Mrs. Chapman's Angel Food Donuts
3657 Santa Fe Avenue

Angel Food Donuts
3860 Long Beach Boulevard

Dunkin' Donuts (You gotta give credit to an East Coast transplant's effort to assimilate...though it was quite a struggle at first)
5590 East 7th Street

The Donut Hole
15300 Amar Rd, La Puente

And while Big Do-Nut was the first drive-thru donut shop, this combo breaker outside of the South Bay area -- in the San Gabriel Valley, of all places, featured a donut shop that you can literally drive through. It was part of a small chain of The Donut Holes in the area, though this one on Amar Road was the only one with a giant donut, which appeared partially buried into the ground, and was a chocolate donut. Anyways, you can still come to this one anytime -- it's open 24 hours.

So for National Donut Day, don't waste your time at just any donut joint, go big! Go grab your donuts at one of Southern California's unique giant donut establishments. And if you do, Tweet a selfie from one (or more) of them with the hashtag #GiantDonut !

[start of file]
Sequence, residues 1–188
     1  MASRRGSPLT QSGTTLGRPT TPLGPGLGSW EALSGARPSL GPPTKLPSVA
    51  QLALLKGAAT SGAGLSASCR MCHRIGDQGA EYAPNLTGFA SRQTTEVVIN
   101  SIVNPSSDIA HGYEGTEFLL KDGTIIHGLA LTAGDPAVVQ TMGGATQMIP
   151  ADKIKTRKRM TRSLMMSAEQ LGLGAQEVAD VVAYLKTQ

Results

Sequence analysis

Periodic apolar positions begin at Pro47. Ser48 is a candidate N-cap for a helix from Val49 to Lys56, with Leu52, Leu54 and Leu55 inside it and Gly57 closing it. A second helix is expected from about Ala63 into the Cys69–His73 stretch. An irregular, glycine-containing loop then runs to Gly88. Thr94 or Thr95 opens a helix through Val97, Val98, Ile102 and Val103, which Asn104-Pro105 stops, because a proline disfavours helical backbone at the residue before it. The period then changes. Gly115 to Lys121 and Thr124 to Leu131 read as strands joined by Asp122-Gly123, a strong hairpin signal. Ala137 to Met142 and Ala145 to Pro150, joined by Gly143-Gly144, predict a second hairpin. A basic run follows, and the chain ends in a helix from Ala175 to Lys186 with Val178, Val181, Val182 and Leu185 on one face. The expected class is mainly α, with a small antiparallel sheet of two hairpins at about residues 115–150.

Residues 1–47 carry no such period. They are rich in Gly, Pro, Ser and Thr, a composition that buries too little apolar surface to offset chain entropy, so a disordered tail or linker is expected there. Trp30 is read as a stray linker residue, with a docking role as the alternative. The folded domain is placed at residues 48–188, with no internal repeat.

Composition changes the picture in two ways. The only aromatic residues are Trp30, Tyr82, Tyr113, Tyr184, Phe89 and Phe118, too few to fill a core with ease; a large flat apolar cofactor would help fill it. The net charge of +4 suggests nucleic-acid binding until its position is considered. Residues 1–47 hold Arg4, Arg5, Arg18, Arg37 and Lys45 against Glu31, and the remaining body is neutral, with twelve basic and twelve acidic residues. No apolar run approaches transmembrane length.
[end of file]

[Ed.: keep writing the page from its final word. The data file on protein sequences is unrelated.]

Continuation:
Unknown said...

A major model train retailer now sells mini Big Do-nuts!

Scott Trimble said...

Nice post! I was the location scout whose idea it was to have Iron Man inside the Randy's Donuts hole in "Iron Man 2" (the scene with Nick Fury was originally scripted as a S.H.I.E.L.D. facility). This video demonstrates the scout photos alongside the final scene -- (you can skip to around 02:30). Anyway, at one point during prep, we were having some permitting difficulties with the Inglewood property owners (we obviously got it all worked out), so I had the pleasure of scouting ALL of the other giant donut places (every extant one that you mentioned) as back-up options, just in case. That was a fun day of exploring, photographing, and... sampling donuts. TRIVIA: Randy's Donuts does not have a public interior, so we shot the inside scenes at the Yum Yum Donuts in Playa Del Rey, Los Angeles.

Unknown said...

What year did the Culver City doughnut meet it's demise?

Unknown said...

What year did the Culver City doughnut meet it's demise?